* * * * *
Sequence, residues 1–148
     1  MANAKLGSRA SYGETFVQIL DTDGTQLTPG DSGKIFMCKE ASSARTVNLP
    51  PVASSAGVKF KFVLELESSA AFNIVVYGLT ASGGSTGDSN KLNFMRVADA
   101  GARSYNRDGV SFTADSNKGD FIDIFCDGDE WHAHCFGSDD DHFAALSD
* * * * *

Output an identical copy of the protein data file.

Sequence, residues 1–148
     1  MANAKLGSRA SYGETFVQIL DTDGTQLTPG DSGKIFMCKE ASSARTVNLP
    51  PVASSAGVKF KFVLELESSA AFNIVVYGLT ASGGSTGDSN KLNFMRVADA
   101  GARSYNRDGV SFTADSNKGD FIDIFCDGDE WHAHCFGSDD DHFAALSD